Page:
Turkish scientists have never had it so good, thanks to their country's efforts to align its laws and policies to those required for membership of the European Union (EU). In a bid to create a science and higher-education landscape that matches the EU norm, Turkey has more than doubled its research spending in the past five years, and is half way to its goal of spending 2% of its gross domestic product on research by 2010. It has refined its peer-review procedures for research grants to improve fairness and transparency, and is actively promoting research in industry. The country's best scientists say that for the first time it is now possible to get grants of a decent size — even up to hundreds of thousands of dollars — for a strong basic-research project.

To be able to spend the new money as wisely as possible, Turkey needs to expand, and rejuvenate, its relatively small community of scientists. Plans are in motion, thanks again to the country's westward focus. Nineteen new universities will be founded in the next few years. Special grants to allow young scientists to set up independent research labs in universities have been established. And with so much more money available for research, Turkish scientists are now starting to come home from abroad.

To encourage individual scientists to become more active, Tubitak, the main research agency — and sometimes the universities themselves — top up the personal salaries of grant-winners and offer financial incentives for publication in international journals. This has helped push Turkey up from 27 to 19 in the world rank of science publication rates since 1997.

But impact, as measured by citations per paper, has increased only slightly in that time. And Turkey's commitment wavered last year after its scientists won few grants from the sixth EU Framework programme (2002–06) — the first to which it contributed funds. It was persuaded only with difficulty to join the seventh programme. Finally accepting that its scientists would only improve in the short term through continued close contact and competition with their EU colleagues, the Turkish government signed on the dotted line in June.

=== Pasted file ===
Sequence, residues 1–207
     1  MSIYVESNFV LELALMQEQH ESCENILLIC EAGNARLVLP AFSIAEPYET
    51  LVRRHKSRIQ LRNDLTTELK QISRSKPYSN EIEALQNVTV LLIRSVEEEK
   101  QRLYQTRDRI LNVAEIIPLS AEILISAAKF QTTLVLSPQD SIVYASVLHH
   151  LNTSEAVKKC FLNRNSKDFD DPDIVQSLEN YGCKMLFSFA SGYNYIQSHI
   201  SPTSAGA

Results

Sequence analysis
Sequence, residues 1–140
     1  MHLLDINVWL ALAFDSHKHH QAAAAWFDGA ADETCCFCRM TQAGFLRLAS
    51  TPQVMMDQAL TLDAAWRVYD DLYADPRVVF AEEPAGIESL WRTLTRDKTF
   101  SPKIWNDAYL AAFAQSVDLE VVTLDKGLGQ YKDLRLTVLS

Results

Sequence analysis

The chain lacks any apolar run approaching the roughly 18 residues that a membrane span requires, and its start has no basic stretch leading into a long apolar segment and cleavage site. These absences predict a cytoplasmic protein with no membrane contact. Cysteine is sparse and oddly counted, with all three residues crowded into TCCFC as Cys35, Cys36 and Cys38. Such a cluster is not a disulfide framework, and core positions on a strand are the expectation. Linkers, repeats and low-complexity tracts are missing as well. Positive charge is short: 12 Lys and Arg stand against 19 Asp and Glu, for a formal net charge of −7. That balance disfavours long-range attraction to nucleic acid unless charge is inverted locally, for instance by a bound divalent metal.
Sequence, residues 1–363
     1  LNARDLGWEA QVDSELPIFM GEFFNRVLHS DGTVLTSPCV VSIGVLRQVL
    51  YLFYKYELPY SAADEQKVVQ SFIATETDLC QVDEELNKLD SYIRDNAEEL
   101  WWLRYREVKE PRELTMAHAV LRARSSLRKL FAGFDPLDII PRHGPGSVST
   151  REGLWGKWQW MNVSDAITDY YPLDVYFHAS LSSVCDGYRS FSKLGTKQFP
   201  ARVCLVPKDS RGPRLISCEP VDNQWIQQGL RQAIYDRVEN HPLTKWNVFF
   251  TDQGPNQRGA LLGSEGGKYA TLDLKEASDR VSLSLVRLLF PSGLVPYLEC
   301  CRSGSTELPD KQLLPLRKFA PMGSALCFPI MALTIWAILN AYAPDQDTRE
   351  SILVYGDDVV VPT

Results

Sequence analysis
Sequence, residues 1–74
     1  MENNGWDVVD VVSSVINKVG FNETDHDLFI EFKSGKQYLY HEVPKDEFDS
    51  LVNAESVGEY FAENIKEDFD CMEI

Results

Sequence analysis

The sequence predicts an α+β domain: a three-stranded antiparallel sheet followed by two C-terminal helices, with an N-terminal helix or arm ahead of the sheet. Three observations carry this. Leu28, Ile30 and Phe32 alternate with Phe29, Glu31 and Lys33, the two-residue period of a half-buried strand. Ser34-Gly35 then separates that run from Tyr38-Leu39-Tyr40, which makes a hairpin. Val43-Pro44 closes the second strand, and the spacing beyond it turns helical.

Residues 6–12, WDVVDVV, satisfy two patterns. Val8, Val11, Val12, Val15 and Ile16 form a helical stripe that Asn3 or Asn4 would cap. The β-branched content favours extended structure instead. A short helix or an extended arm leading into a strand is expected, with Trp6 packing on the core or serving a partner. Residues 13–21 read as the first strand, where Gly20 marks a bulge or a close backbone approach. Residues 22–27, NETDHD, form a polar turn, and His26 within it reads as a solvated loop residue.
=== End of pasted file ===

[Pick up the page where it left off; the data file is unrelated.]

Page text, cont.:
All seems to be set fair for scientific growth — provided Turkish politics remain stable. This seems likely, despite alarm bells being sounded by many inside and outside the country following the recent re-election of a mildly Islamic government, headed by a new religiously minded president. The old-guard academic élite, in particular, foresee dire consequences arising from the almost certain relaxation of rules that ban headscarves in government-funded institutions, including universities. What they fear most is an 'Islamization' of politics, and the discarding of the secular constitution written by Mustafa Kemal Atatürk when he founded the Republic of Turkey in 1923. The headscarf is a powerful symbol of the tensions between ardent secularists and the religious — tensions that are evident in all areas of public life.

But more scientists are coming to accept that the right to wear a headscarf in an educational establishment may not, after all, be the thin end of an extremist wedge. Secularism's deep roots won't be overturned so easily in a country where the majority of the electorate, who happen to be religious, are becoming materially wealthier under Western aspirations. There is no room for complacency, however. Frictions closer to the country's eastern border with Iran — where a university rector recently fell foul of religious groups and ended up in jail — are less easy to control. Nationalism is also a threat to stability; an insidious law criminalizing 'insulting Turkishness', which has been used on occasion to silence public opposition, needs to be repealed.

Science was the first focus of negotiations in Turkey's bid for EU membership — and had been so well prepared that the chapter could be closed in only nine months. The nation's European ambitions are also likely to provide an incentive for repeal of the nationalist law. Whether or not Turkey will become the EU's first Muslim member state is hard to predict, but the benefits of that ambition for science and more are clear.